and photo (SMEC) http://www.smec.com/Default.aspx?aProjId=608
Friday, November 28, 2014
Monday, November 24, 2014
2. Heat oil in a min 5 litre cast iron Kazan (or similiar ie. Dutch Oven) on a very high flame, deep-fry meat until golden-brown, in 3-4 batches. Fry the onions until golden, add meat to the Kazan, stir well to prevent onion from burning. Add carrot, stir from time to time, until it starts to wilt and browns a little (15-20 min). Add 2/3 of the spices - rub it in your palms a little to release flavor, stir gentliy to keep carrot from broking..
3. Lower gas to moderate, pour hot water just to cover all the goods, add salt and let it simmer for 40 min to 1.5 hours until almost all water evaporate and meat became tender and juicy. Do not stir.
4. Turn gas to max. Drain rice well, place it on top the meat and vegs in one layer, stick the garlic and whole chillies in it, and carefully pour boiling water over it (place a spoon or ladle on top of the rice to keep the rice layer from washing away). Cover the rice with about 2 cm of water, let it boil. Add salt to make the water a bit over-salted. When water starts to go down, reduce the gas a bit, keeping it boiling rapidly. Check when it has evaporated and absorbed into rice completely - rice should remain rather al dente. Make a holes in the rice to the bottom of a vessel to allow you to check the water level.
5. Reduce gas to absolute min, cover tightly with the lid and let it steam 20 minutes. Turn of the heat, remove the garlic and chillies on the separate plate. Carefully mix rice with meat and carrots, if the rice tastes a bit blind add some salt, mix and let it stand for 5 minutes. Pile the plov on a big warmed plate and serve with garlic, chilies and plain thinly sliced tomato-sweet onions-chili-salt salad. Carefully mix rice with meat and carrots, if the rice tastes a bit blind add some salt, mix and let it stand for 5 minutes.
Sources: http://www.bbcgoodfood.com/recipes/439632/uzbek-plov (Ed)
Source of Photographs and recommended additional Uzbek Plov Recipe (Arbuz.com)
Other post see Karakalpak Pilov:http://karakalpak-karakalpakstan.blogspot.com.au/2011/06/plov-pilaf-national-dish.html
Monday, November 17, 2014
The Uzboy River (Uzboj) is located in the north-western part of the Karakum Desert of Turkmenistan. Once a distributary of the Amu Darya it is now a dry river channel and a centre for archaeological excavations. The Uzboy once flowed some 750 kilometers, from a branch in the Amu Darya River via Sarykamysh Lake to the Caspian Sea.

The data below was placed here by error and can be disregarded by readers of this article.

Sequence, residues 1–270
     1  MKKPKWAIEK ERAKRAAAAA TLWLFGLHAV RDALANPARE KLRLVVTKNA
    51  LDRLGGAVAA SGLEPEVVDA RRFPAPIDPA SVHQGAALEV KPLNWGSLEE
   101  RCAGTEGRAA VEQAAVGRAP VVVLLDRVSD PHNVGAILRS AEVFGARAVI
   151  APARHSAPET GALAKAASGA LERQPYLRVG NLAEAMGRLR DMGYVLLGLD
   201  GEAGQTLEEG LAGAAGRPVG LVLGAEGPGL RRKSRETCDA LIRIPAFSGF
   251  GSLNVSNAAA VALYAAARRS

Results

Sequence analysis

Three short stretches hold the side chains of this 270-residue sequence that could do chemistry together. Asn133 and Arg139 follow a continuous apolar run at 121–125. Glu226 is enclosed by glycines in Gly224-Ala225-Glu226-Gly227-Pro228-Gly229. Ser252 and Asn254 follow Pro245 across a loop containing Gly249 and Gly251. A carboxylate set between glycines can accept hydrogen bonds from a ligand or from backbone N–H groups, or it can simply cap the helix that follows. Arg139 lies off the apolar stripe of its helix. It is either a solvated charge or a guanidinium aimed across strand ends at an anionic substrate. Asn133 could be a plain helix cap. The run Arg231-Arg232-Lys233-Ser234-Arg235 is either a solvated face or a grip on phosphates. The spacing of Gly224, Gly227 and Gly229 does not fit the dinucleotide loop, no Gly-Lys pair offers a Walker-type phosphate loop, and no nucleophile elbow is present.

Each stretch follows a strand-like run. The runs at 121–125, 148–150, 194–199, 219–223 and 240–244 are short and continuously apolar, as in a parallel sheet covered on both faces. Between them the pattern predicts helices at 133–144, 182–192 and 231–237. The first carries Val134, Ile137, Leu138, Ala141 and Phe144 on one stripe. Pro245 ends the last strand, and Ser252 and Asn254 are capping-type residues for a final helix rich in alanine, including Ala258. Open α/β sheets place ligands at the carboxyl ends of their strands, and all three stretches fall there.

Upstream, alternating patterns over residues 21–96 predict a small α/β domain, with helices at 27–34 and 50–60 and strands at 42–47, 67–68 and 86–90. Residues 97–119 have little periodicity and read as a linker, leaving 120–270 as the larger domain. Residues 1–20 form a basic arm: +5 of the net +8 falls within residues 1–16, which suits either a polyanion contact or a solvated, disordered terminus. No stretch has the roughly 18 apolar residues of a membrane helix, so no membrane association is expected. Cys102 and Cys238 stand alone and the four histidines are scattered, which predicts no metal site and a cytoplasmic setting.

A riverine civilization existed along the banks of the river from at least the 5th century BC until the 17th century AD, when the water which had fed the Uzboy abruptly stopped flowing out of the main course of the Amudarya and into the Sarykamysh depression. Today the bed of the ancient Uzboy River passes through these vast sandy expanses of the Karakum desert as a narrow, blue broken stripe.
In the early 1950s, construction work started to build a major irrigation canal roughly along the river bed of the former Uzboy. However, the project was abandoned in 1953; later on the Qaraqum Canal was constructed along an entirely different, much more southerly, route.
Monday, November 10, 2014
Map of Central Asia (Turkestan) : Polish map from 1903 showing the Russian Empire proper in green, Khiva (Chiwa) in brown, and Bukhara (Buchara) in orange. The two tributary states were nearly entirely surrounded by the General Government of Turkestan. After the revolution in 1917 the boundaries were redrawm along broadly ethnic lines and in time 5 Central Asian Republics and two autonomous regions (Parmir and Karakalpakstan)emerged.
Most of Kazakhstan and Karakalpakstan fell under the protection of the Russian Empire under the reign of Peter the Great in the early 1700s (to protect against Djungar Mongol incusions). In the 1860s Russia took control of areas that are now parts of Uzbekistan, Kyrgyzstan, and Tajikistan. The Khanate of Khiva and the Emirate of Bukhara both became protectorates in 1873 and the Tsarist Russia gained control of the Transcaspian region (now Turkmenistan) between 1879 and 1885.